“If you take a step back, we are a majority-based South African league. The majority of our players in playing XIs are South African. We are blessed to be able to attract top international talent who want to play here,” he said. “When we were building SA20, there was no confidence in South Africa cricket that we were able to pull it off at this level. But we have done that. FTPs [Future Tour Programme for international cricket] are tough. Noor Ahmad got pulled out the day before the playoffs because he was selected for Afghanistan. But if we look at what we’ve created in two years – it’s amazing. We’ve gone from a place where international talent hasn’t backed our league, to where they want to be a part of it.”
The SA20 was South Africa’s third attempt at a franchise T20 tournament – after the Global League T20 was abandoned in 2017 and the Mzansi Super League failed to secure a broadcaster – and has, so far, been a resounding success despite schedule clashes and a direct competitor in the UAE’s International League T20, which runs concurrently. However, Smith has always underlined that the major difference between the SA20 and the ILT20 is player composition, with South Africa drawing from an existing talent pool – this season only 37 out of the 99 players who featured in at least one match were foreign – while the ILT20 is made up mostly of an overseas contingent. And that, he says, is why league overlaps will affect the ILT20 more. “The challenge with ILT20 is they are consuming nine or ten international players per playing XI plus squad members, so it’s a lot of players to keep the ship moving.”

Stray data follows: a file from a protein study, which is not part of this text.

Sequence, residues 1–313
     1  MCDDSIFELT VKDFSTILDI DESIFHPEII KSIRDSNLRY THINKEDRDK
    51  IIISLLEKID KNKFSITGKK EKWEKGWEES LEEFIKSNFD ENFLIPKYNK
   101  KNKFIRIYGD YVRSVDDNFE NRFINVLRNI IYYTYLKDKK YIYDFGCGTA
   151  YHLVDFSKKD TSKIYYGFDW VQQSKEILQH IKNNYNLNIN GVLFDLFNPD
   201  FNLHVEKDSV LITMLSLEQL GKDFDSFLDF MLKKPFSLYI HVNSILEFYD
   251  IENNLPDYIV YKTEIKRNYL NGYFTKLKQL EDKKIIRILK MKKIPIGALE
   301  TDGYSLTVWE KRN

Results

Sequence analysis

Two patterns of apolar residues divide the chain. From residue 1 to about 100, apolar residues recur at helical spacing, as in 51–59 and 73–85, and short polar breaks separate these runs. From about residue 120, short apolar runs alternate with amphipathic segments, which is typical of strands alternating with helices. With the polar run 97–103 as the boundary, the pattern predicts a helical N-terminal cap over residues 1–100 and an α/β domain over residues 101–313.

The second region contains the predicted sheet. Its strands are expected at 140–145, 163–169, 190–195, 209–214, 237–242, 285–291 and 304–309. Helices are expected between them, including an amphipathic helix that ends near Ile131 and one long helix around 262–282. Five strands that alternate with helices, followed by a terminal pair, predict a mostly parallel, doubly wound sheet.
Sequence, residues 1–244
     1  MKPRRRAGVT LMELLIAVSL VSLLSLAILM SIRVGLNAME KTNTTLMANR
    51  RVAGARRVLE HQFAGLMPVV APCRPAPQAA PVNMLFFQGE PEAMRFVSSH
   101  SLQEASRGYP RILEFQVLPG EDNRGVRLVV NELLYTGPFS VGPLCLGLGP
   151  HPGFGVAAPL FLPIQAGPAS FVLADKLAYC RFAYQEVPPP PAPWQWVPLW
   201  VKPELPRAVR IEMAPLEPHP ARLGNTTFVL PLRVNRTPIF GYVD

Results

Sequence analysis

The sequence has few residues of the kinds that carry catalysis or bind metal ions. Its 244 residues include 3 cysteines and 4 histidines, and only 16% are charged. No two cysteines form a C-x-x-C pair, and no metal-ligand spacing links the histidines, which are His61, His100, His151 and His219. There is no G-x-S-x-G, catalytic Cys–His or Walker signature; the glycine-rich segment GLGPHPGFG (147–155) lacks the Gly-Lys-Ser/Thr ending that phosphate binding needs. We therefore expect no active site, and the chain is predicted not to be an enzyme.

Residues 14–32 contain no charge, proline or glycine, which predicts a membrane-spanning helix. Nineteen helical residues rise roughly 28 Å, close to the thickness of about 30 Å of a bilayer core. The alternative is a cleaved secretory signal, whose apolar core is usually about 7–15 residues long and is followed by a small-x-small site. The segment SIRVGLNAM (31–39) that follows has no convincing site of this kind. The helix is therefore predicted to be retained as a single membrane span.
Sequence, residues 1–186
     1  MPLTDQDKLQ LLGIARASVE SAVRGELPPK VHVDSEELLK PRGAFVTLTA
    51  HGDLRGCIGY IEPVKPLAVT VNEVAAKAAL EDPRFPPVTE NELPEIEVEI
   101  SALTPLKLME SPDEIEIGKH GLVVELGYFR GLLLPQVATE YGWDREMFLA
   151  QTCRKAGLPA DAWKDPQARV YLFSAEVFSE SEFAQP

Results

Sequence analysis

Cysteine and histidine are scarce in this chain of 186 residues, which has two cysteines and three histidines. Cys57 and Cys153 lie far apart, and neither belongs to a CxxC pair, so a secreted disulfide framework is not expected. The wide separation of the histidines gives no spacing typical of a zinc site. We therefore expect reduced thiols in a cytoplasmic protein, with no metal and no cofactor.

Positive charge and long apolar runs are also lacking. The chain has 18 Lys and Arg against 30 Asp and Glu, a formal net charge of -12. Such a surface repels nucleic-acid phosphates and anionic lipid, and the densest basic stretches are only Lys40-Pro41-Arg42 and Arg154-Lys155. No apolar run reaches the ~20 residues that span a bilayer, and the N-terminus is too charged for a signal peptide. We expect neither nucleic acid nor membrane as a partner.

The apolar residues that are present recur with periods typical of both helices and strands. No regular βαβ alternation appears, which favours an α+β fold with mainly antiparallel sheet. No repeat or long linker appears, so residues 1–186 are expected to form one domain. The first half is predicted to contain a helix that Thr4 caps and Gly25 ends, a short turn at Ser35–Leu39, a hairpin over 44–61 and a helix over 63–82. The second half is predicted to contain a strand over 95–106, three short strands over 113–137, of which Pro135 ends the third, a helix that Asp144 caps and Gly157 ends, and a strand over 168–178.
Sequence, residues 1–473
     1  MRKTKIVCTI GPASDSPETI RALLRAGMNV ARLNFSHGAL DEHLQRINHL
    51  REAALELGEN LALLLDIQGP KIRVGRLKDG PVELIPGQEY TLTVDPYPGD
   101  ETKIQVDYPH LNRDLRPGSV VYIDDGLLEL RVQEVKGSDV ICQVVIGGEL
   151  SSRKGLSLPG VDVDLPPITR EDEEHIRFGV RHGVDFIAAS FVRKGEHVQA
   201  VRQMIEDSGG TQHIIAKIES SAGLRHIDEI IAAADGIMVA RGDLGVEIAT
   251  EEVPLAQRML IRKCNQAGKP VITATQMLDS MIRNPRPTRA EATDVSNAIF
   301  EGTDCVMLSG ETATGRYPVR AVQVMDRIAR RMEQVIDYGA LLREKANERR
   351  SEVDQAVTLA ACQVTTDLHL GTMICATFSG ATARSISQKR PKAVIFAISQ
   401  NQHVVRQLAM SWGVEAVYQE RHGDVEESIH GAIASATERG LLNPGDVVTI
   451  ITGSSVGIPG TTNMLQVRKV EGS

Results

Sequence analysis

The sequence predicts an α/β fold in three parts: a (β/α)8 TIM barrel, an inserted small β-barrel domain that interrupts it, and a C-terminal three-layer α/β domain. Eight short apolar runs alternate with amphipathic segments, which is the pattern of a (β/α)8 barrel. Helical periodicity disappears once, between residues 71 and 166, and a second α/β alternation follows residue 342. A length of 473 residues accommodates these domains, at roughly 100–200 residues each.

Another concern for both leagues is a potential clash with next year’s Champions Trophy, which the FTP has pencilled in for mid-February to early March. Although the SA20 concludes by February 10, South Africa are due to play a triangular ODI series in Pakistan ahead of the tournament and there is also the possibility that the SA20 will clash with the preparation window for other national teams. Might that mean a shift for the SA20 dates? “We will have to consider everything,” Smith said. “The Champions Trophy dates are not set in stone. We will work with the ICC and CSA and once we’ve got confirmed information we can make informed decisions.”
Should there be a direct clash, it will be the third time in as many seasons that the SA20 will be affected by international cricket. In the first season, the SA20 had to take a break to accommodate South Africa’s must-play World Cup Super League ODI series against England. In the second season, it had far bigger impact because it clashed with a two-Test series in New Zealand and because South Africa’s first-choice players were legally obliged to compete in the SA20, a makeshift Test squad was selected. While CSA tried to negotiate with New Zealand Cricket to find better dates, the overwhelming feeling in South African cricket, and it seems from the SA20, is that more should have been done to ensure the Tests were moved. “This scheduling issue should never have happened,” Smith, who considers himself a lover of Test cricket, said. “It’s disappointing. We are disappointed at what has happened. And we need to work together to make sure it does not happen again.”
Smith was also quick to point out that CSA is not the only board battling to ensure they have their best players available all the time. He used West Indies as his strongest example of another. “The challenges are much deeper than this scheduling issue. We heard (CWI CEO) Johnny Grave speak after an incredible Test win (in Australia) and they lost over a million dollars on that trip,” Smith said.